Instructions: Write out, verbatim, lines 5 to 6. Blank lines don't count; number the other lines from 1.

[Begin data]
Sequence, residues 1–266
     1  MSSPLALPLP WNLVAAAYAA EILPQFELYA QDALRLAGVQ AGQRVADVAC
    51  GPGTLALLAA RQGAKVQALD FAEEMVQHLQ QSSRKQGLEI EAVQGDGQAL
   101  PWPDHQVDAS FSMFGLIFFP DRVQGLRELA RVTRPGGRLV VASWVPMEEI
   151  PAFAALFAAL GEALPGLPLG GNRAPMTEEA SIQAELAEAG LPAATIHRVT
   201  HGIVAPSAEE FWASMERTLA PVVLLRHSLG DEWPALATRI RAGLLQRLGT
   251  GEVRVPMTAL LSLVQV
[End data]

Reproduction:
   151  PAFAALFAAL GEALPGLPLG GNRAPMTEEA SIQAELAEAG LPAATIHRVT
   201  HGIVAPSAEE FWASMERTLA PVVLLRHSLG DEWPALATRI RAGLLQRLGT